Camp helps teen heal
“Camp taught us that we weren’t the cause of our parents’ addiction. It was different knowing it wasn’t my fault or anybody else’s.”
Kenzie always assumed that the reason she and her two sisters had to enter foster care was because of something they had done. It wasn’t until she attended Camp Mariposa that she began to understand that it was because her parents struggled with drugs and alcohol, leaving her and her sisters alone for extended periods of time. They didn’t cause it.
That’s one of the main messages that youth learn at this free weekend camp for 9- to 12-year-olds whose lives have been impacted by the addiction of a loved one.
“Before Camp Mariposa, I never thought about it as anything my parents had done,” she said. “But camp taught us that we weren’t the cause. It was different knowing it wasn’t my fault or anybody else’s.”
Understanding that they didn’t cause a parent’s addiction or the bad things that have happened to them in life is a major theme for children of addiction. And it’s one of the seven C’s that campers learn while at camp: I didn’t cause it. I can’t control it. I can’t cure it. But I can take care of myself by communicating my feelings, making good choices, and celebrating myself.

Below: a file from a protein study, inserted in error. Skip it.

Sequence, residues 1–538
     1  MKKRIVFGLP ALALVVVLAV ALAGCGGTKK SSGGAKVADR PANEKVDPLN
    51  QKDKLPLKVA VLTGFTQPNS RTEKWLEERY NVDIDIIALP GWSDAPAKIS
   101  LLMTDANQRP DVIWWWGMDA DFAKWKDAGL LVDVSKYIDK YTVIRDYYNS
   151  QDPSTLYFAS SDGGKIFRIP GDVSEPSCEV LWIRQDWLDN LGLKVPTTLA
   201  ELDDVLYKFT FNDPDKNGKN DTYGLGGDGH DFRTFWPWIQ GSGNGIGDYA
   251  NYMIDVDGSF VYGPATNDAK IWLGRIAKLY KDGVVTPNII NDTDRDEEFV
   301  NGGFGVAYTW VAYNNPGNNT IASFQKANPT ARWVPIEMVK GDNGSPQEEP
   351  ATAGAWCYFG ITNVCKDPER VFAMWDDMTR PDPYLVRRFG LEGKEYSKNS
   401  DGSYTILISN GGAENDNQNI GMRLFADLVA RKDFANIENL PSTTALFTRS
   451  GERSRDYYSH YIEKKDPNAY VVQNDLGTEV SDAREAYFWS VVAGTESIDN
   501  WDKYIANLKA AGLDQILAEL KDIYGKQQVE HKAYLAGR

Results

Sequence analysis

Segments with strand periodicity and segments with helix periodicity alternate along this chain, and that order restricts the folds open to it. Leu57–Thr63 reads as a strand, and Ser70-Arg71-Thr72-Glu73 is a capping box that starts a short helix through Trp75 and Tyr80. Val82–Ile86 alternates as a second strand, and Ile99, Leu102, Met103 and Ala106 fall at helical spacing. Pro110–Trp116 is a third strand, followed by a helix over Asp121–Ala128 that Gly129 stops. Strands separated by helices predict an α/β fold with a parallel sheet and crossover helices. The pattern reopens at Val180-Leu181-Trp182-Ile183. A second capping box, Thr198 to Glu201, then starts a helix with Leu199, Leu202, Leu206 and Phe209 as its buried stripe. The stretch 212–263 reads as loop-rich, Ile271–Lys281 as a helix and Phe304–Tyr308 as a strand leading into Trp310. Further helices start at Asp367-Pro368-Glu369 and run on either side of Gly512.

Children of addicted parents are eight times as likely to develop their own addiction, so teaching youth at an early age about their risk and healthy coping skills – before they begin to experiment with substances – helps prevent the intergenerational cycle of addiction. That’s the aim of Camp Mariposa, which features a mix of activities, from traditional camp fun to education about addiction and therapeutic groups.
Groups are what Kenzie found most helpful. Even though she had done individual therapy, being able to process her experiences with youth with similar backgrounds was healing.
“It definitely helped me to get past some things that I had been through,” Kenzie said. “There were some things from when I was younger and being able to share my feelings helped me move on from those certain situations. The kids at camp can relate to what you’ve gone through.”
Kenzie is now high school freshman. She was adopted about five years ago and enjoys life in Middlebury with her sisters and parents – along with horses, bunnies, dogs and cats. She’s going out for the cheer team at school – and at first glance, you probably wouldn’t guess that she wants to be a homicide detective when she grows up. For the past four years, she’s been a regular at Camp Mariposa – the junior weekend camp, the new overnight teen camp and she serves as a mentor at the junior camp – and it’s been an incredibly healing experience, she says. She’s grateful to the donors who make it happen.
“It’s helped so many kids get through their situations, having camp to go to,” she said. “We have a big rule that what’s said at camp stays at camp, so you can talk freely and feel like it’s a safe environment.”
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